Innovative new sunglasses from Silhouette

‘Arthur Arbesser for Silhouette’ is a collection of four brightly coloured, ultra-stylish sunglasses.

Silhouette is committed to supporting young designers and unearthing great design talent. Each year, Silhouette invites an up-and-coming designer to design a range of sunglasses using Silhouette’s iconic frame, the TMA, as their template. This year is the turn of internationally acclaimed fashion designer, Arthur Arbesser.

Internationally known as one of the most promising new designers in Milan, Arthur was born and raised in Vienna. He studied at Central St. Martins in London and worked for Armani for 7 years before launching his own label in 2013 at Milan’s fashion week.

Call in to Unia Opticians, on Strutton Ground, to try the these amazingly lightweight, beautiful styles, as long as stocks last!

As seen in Grazia magazine

 


New frames ranges now in.

We are really excited about the new Gucci collection we have just received in store. The frames have some classic vintage looks with some vibrant colours and beautiful styling.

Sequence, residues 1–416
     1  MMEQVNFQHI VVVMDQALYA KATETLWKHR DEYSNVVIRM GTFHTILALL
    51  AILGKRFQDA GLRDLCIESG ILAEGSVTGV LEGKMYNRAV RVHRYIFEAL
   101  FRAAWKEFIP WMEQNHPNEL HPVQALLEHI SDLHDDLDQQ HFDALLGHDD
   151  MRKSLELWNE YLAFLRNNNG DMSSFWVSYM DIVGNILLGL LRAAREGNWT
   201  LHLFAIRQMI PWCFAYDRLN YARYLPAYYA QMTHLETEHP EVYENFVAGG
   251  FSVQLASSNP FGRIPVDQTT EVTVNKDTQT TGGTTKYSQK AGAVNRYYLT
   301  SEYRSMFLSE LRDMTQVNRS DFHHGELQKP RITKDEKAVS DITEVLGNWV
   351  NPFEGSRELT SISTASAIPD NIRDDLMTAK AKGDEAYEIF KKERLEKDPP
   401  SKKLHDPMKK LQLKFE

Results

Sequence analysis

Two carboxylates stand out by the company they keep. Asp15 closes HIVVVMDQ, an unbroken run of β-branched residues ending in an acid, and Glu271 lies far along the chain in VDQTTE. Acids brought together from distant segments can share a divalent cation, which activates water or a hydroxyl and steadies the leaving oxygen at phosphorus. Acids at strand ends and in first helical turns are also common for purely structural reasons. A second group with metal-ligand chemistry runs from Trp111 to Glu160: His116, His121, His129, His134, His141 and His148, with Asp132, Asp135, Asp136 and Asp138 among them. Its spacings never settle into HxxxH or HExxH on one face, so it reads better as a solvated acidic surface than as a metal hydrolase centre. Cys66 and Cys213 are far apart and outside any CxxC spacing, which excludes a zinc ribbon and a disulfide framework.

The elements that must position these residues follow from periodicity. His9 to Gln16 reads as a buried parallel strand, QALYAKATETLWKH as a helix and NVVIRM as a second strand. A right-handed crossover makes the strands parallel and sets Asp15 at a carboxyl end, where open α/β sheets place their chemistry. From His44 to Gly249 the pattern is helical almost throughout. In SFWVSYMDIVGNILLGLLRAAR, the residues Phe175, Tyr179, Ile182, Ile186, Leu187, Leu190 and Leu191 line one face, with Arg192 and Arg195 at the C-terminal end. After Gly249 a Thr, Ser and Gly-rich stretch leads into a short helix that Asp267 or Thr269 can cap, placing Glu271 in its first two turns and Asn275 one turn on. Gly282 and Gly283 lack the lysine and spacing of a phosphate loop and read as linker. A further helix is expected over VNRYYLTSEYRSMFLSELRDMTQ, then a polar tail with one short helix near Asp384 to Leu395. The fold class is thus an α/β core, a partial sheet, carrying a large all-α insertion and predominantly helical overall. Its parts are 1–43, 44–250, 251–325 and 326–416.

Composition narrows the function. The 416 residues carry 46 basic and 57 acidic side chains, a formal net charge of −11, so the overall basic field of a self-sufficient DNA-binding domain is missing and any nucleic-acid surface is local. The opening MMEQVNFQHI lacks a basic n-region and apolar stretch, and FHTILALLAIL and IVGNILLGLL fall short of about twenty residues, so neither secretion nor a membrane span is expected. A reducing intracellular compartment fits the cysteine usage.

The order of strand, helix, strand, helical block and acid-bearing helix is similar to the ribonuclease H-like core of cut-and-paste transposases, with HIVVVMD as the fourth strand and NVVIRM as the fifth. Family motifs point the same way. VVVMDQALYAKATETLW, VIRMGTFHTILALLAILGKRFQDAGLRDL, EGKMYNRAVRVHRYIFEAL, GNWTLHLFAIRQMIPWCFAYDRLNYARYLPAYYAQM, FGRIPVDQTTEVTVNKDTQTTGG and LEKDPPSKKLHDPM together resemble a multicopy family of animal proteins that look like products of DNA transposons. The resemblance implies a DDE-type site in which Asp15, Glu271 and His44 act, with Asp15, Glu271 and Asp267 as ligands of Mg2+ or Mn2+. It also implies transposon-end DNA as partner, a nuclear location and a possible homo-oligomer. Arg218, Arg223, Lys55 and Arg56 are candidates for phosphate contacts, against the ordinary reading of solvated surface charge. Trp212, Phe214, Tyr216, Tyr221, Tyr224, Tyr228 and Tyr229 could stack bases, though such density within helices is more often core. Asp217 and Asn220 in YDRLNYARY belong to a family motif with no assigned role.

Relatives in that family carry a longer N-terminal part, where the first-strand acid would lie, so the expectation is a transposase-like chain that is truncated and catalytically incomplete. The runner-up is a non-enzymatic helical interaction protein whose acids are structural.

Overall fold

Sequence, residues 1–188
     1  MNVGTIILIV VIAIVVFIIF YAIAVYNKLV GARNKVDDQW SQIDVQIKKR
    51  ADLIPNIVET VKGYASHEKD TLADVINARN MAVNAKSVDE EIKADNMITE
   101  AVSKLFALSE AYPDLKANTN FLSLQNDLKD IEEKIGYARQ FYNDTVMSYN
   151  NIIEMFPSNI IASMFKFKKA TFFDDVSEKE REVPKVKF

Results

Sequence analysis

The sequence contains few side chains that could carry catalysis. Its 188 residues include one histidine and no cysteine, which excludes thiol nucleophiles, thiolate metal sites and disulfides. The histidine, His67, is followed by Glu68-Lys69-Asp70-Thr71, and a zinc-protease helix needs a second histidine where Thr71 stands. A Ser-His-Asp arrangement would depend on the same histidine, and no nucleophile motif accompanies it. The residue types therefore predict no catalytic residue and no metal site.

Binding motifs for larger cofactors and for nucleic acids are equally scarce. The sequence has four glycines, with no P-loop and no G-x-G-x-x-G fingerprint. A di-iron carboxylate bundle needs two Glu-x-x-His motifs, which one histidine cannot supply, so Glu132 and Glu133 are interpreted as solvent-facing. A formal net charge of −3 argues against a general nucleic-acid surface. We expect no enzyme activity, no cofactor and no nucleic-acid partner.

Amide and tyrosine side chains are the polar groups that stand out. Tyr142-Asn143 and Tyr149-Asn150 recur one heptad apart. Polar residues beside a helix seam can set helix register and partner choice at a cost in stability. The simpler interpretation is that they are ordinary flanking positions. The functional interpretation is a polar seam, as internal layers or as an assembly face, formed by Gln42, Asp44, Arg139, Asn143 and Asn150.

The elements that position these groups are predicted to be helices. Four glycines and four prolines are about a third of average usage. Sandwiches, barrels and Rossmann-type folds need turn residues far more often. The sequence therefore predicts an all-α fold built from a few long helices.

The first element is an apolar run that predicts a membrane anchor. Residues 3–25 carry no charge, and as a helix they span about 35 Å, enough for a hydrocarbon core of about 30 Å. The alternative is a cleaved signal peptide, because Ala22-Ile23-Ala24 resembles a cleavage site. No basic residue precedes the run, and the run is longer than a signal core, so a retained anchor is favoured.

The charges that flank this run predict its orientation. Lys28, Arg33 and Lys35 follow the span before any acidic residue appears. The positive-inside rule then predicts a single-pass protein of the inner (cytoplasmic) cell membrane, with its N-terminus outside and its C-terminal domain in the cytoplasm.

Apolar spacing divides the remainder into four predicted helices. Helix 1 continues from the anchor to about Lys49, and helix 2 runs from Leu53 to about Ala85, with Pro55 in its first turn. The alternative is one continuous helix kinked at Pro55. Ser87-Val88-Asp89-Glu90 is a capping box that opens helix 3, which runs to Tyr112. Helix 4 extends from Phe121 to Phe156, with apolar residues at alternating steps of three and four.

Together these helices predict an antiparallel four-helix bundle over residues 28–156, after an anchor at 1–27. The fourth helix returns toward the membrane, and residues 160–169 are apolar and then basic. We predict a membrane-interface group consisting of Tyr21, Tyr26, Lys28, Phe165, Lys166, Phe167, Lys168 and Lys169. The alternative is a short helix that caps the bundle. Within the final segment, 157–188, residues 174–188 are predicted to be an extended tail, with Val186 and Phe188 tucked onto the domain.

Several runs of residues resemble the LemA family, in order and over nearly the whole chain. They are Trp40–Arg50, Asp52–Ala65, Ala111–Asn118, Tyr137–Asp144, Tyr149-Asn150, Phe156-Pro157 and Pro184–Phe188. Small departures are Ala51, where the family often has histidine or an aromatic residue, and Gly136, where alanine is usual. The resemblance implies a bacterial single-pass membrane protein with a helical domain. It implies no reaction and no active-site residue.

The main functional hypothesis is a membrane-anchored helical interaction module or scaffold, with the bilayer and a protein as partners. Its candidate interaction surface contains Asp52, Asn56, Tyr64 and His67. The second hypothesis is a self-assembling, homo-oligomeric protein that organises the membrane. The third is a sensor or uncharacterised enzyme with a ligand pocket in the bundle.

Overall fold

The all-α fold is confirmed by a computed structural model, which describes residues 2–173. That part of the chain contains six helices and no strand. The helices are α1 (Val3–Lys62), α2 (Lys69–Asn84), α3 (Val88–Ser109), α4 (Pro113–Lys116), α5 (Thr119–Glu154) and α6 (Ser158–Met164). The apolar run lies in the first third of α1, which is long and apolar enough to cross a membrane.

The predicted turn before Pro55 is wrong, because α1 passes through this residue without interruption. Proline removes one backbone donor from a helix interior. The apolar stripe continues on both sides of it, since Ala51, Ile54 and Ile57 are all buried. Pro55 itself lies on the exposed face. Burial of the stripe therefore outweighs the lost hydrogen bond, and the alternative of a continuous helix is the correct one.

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We’ve even been tempted by the latest Gucci sunglasses, and have a small, select range.

Also new in, is the latest Stella McCartney collection. The frames are made from a Bio-based material, and have unusual colours and fun styling.

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Myopia cell discovery

Myopia cell discovered in retina: Dysfunction of cell may be linked to amount of time a child spends indoors

Date:
February 6, 2017
Source:
Northwestern University
Summary:
Scientists have discovered a cell in the retina that may cause myopia when it dysfunctions. The dysfunction may be linked to the amount of time a child spends indoors and away from natural light. This discovery could lead to a new therapeutic target to control myopia. More than a billion people in the world have myopia, whose incidence is rising and is linked to how much time people spend indoors as children.